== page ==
Despite Tesla’s best efforts, the Texas legislature this week opted not to pass a bill which would have allowed the electric automaker to sell cars directly to consumers. Instead, if Tesla wants to sell its highly revered vehciles in the lone star state, it looks like it’s going to have to do it through local franchise dealers, something the company has no intention of doing.
Tesla’s Powerwall home battery is already a hit, and the device could prove to be quite useful in a variety of instances, including keeping the lights on during a power outage or feeding back energy to the grid. But how how much power can Tesla’s new Powerwall battery store, and how can you quantify it in the context of the devices in your home? More →
Last week, Bloomberg crunched some numbers and estimated that Tesla has already received a crazy $800 million worth of reservations for its Powerwall and Powerpack batteries. To put this number in context, Bloomberg compared this number to the early sales numbers of products such as the iPhone and Viagra and has found that “if Tesla converts even a fraction of those reservations into actual sales, the battery roll-out could measure up as one of the biggest ever for a new product category.” More →
When Elon Musk said demand for Tesla’s new home batteries was “crazy off the hook,” it seems he wasn’t exaggerating. Bloomberg has crunched some numbers and has estimated that Tesla has already taken $800 million worth of Tesla Powerwall and Tesla Powerpack batteries. Breaking things down a little further, Bloomberg says that Tesla has likely received just under $179 million worth of Powerwall reservations and $625 million worth of Powerpack reservations. Tesla has already said that it’s received 38,000 total reservations for Powerwall and 2,500 reservations for Powerpack, so figuring out how much revenue they generated is a matter of simple arithmetic. More →
Tesla’s recently introduced battery packs, for both home and utility use, are already proving to be tremendous successes. If you recall, Tesla last week introduced a Powerwall battery pack (available in 7kWh and 10kWh configurations) for home owners alongside a Powerpack battery designed for corporate use and utility companies.
During Tesla’s earnings conference call this week, CEO Elon Musk said that the response to Tesla’s new batteries has been overwhelming and “crazy off the hook.” Impressively, the Powerwall has already yielded 38,000 reservations while the industrial-oriented Powerpack has netted 2,500 reservations.
During Tesla’s earnings conference call on Wednesday, Elon Musk finally disclosed when Tesla plans to begin production of the highly anticipated Tesla Model 3, and what it will look like. What’s more, Musk at long last gave us a launch window (read: year) that, we can only hope, won’t be subject to change in the months ahead.
Tesla recently unveiled its Powerwall battery system that aims to change the way we use and store energy in our homes. However, Bloomberg is reporting that the 7kWh Powerwall doesn’t yet work well with rooftop solar power sources, which could be a major issue for early adopters hoping to use it as a way to store energy generated by rooftop solar panels. In fact, Bloomberg says that even SolarCity — the solar power supplier that’s chaired by Tesla CEO Elon Musk — won’t be supporting the 7kWh version of the Powerwall when it launches. More →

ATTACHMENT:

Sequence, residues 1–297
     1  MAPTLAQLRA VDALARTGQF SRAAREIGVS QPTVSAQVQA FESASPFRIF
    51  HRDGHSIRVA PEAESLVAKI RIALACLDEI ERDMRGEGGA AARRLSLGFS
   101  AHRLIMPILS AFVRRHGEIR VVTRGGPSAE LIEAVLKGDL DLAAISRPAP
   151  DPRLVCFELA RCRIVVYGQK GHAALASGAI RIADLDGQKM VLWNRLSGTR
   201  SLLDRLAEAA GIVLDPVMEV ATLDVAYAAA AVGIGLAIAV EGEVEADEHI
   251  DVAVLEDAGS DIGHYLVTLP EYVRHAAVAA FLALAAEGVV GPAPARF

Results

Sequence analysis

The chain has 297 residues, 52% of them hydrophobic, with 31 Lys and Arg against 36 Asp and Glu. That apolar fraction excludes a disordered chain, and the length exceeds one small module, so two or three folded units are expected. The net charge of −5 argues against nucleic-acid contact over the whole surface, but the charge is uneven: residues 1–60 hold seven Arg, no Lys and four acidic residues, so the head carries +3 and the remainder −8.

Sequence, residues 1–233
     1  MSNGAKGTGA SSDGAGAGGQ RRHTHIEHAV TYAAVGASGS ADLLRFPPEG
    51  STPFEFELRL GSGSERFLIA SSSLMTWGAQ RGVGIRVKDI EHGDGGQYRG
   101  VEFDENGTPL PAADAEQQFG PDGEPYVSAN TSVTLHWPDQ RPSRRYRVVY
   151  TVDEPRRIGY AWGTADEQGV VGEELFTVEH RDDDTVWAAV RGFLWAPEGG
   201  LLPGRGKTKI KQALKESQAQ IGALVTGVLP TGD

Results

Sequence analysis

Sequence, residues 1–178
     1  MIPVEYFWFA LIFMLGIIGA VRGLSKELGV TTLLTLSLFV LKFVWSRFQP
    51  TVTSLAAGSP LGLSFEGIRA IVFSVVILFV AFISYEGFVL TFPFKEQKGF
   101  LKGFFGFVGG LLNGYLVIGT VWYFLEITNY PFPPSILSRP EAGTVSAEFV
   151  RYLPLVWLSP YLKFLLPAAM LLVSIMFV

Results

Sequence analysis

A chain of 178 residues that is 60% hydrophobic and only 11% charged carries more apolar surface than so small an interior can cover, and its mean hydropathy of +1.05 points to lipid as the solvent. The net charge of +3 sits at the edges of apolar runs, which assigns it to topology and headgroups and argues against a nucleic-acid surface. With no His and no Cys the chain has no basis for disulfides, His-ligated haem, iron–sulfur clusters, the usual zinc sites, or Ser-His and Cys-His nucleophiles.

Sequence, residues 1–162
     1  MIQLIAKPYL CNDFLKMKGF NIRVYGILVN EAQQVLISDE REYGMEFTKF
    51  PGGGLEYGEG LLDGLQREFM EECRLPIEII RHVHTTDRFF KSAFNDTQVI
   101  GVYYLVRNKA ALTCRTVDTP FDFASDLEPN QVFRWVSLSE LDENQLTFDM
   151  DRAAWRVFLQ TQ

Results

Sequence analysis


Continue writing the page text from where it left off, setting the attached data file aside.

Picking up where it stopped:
Late on Thursday, Tesla finally unveiled a brand new product, one that’s not a car but was detailed long before Tesla CEO and co-founder Elon Musk took the stage at Tesla’s Design Studio to announce it. The Tesla home battery, which lacked an official product name in all the rumors and reports that preceded the keynote, will be known as the Powerwall. And the device can already be reserved online for a summer delivery. More →
Tesla this week will unveil a brand new product that’s not a car, yet it’ll feature some of the same amazing energy technology found in its electric vehicles. According to hints coming directly from Tesla as well as many other reports from the media, the new product line includes home batteries that could power a house during blackouts, but also batteries that could be used in stores and other large facilities. More →
With a share price that’s consistently hovering in the $200 range and an award-winning car, Tesla these days is sitting pretty. But before Tesla began selling Model S cars faster than it could make them, there were a lot of questions surrounding the company’s ability to turn a profit, let alone thrive as a viable entity.
In a bombshell revelation posted by by Bloomberg, and excerpted from the upcoming book Elon Musk: Tesla, SpaceX, and the Quest for a Fantastic Future, we learn that Tesla CEO Elon Musk was extremely close to finalizing a deal to sell the entire company to Google.
In every country around the world where the Tesla Model S is sold, demand far outstrips supply. That is, every country except one. The lone outlier is China, where Model S have been wildly disappointing and way below both analyst and Tesla’s expectations. Recently, Tesla CEO Elon Musk explained that part of the problem was that he was “misled” by Chinese speculators who ordered cars but never ended up buying one.
Despite lackluster sales in China, not to mention the delayed rollout of the highly anticipated Model X, Tesla is as strong as ever.
Tesla this past Friday announced that they delivered a whopping 10,030 cars during the first quarter of 2015. Note that the figure pertains to cars that actually ended up in consumer hands. Which is to say, the company’s overall sales figures were likely a tad higher.